November 9, 1938
The face of Big Ben's clock glowed like a full moon behind a veil of
London fog. The chimes of the great bell tower rang out eight o'clock
and were answered by the lonely bellow of a foghorn.
Below the crenelated spires of Parliament, the black waters of the
Thames slid toward the sea. It was Thursday night, and most of the
theatres and concert halls in London were dark and empty. The panic
that had swept through the city with rumors of impending war had
been replaced with tranquility. Nearly everyone believed Prime Minister
Chamberlain. Peace was at hand. The Sudetenland of Czechoslovakia
had purchased "peace in our time." The citizens of London had
put away their gas masks and filled in the trenches that had crisscrossed
Hyde Park. Flags and bunting were hung from public buildings
and streetlamps in anticipation of the celebrations planned for
the twentieth anniversary of the Armistice. It had been twenty years
since the end of the war to end all wars. This year England had plenty
to celebrate. The lions of war had been tossed a small bone and placated
Tonight, London was safe. Safe beneath her fog.
* * *
The black bowl of the sky above Galilee was dusted with ten thousand
bright stars. An arch of gold and silver glittered in the Milky Way, the
constellations almost lost against such a backdrop.
Sharon Zalmon knew the constellations by name. She had learned
them all in an astronomy class at the university in Warsaw two years before.
The sky above Poland was not quite like the sky above Galilee,
however. The lights of the city of Warsaw obscured the glory which the
shepherd David had written about in the days when Israel had been a
Tonight, on duty in the tiny Jewish settlement of Hanita, Sharon
only glanced at the stars. There was no time for contemplating their
glory, no time for writing new psalms. On this night there was no nation
of Israel. There was only a memory of what had been, the hope of what
could be once again.
Little could she know that on this night, as in the times of David, enemies
hid in the dark ravines of Galilee. They crept toward the outpost
where Sharon stood guard with an old shotgun. Their single purpose
was to destroy the memory of what Israel had been and to make certain
that the nation would never exist again on the soil of Zion. Kill the People
of the Covenant! Kill the dream! Destroy forever the promise God made to the
shepherd King, and to His people!
At the cry of jihad, holy war, enemies came from Jordan and Syria
and Egypt and Iraq. They banded together, united by hatred, beneath
the banner of the prophet Mohammed and Allah. Their shouts in the
city of Jerusalem grew silent; now they moved through the darkness of
Galilee beneath the peaceful stars. They slipped toward the tiny mound
of sandbags where Sharon Zalmon kept watch, planning to inflict the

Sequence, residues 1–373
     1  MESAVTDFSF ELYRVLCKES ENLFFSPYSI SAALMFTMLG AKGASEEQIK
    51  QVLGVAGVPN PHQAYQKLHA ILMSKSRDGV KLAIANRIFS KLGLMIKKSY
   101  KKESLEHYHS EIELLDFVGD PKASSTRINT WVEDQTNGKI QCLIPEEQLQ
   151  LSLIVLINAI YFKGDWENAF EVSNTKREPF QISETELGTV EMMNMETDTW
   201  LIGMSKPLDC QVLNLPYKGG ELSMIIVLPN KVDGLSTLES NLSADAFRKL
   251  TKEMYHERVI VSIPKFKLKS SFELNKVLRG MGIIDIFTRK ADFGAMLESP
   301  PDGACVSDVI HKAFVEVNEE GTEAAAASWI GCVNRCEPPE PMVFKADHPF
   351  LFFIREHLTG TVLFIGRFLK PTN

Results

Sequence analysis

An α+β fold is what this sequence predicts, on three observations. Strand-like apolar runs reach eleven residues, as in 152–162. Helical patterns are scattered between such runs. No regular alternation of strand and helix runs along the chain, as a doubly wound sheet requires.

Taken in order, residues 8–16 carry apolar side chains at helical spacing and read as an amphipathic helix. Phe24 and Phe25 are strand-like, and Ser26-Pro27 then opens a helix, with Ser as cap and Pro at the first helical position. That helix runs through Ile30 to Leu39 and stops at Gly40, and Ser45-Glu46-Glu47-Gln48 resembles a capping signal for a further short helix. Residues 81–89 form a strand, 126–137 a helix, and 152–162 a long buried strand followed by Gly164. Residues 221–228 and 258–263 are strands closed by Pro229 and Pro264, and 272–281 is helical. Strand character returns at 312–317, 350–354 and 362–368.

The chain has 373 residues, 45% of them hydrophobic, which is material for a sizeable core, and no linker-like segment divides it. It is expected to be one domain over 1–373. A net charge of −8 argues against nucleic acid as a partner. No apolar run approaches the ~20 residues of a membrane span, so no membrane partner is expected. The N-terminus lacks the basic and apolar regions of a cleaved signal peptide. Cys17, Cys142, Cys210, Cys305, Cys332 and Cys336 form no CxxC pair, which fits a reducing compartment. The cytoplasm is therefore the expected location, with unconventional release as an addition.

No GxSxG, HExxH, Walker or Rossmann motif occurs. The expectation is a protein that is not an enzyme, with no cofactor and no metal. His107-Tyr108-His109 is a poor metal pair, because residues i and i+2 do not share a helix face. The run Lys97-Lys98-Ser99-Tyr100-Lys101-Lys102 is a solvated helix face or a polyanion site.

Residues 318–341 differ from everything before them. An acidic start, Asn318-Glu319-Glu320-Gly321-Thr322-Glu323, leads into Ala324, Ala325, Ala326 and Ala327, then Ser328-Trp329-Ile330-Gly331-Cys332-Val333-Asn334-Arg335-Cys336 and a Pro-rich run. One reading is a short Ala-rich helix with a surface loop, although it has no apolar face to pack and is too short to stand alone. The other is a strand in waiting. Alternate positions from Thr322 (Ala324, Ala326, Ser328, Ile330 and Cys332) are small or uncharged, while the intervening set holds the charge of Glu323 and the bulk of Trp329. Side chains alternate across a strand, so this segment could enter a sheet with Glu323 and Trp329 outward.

dreamless peace of death upon her and all the Jews of Hanita.
It was early yet. Sharon scanned the black rolling hills beyond the
perimeter of the settlement. Shifting the aged shotgun in her hands, she
rested the heavy barrel on top of the sandbags.
Three minutes before, Lazlo had left her here and gone to patrol
the barbed barricade between this position and the next. The Arab
gangs had cut through the wire before and had killed settlers. For this
reason, the settlement posted stationary guards like Sharon and moving
patrols like Lazlo, who would make his rounds and return in a few
Something terrible was coming to the Jews of the Yishuv; after the Jerusalem
riots, everyone believed it, even the British High Command.
They had sent Captain Samuel Orde to help the Jews of Hanita. Sharon
had heard of this Englishman who was known as Hayedid, "the friend."
Scheduled to arrive tonight, he would no doubt be out here to make the
rounds of the patrol. This thought made the night seem not quite so
dark, the unseen enemy not so terrifying. Hayedid, the friend, would
Sharon looked up briefly at the constellation of Orion as it moved
toward her from the horizon. She could just make out the stars where
the ancients said his sword hung from his belt. The stars remain unchanged
since that time. Our dreams remain the same, she thought.
In that moment she heard the sound of a stone as it slithered down
an embankment twenty paces from the barricade beyond her post!
The sound jerked her back to the present earth, back to this small
patch of ground that the dreamers had purchased and cultivated and
made to blossom from desolation. They must now defend it as well.
They must not look up at the stars and dream, or all their dreams would
"Who is it?" she demanded. Her heart pounded as she tried to fix the
exact location of the falling stone. Was it there, behind the outline of a
boulder? or to the left, where the ground dropped steeply away? Or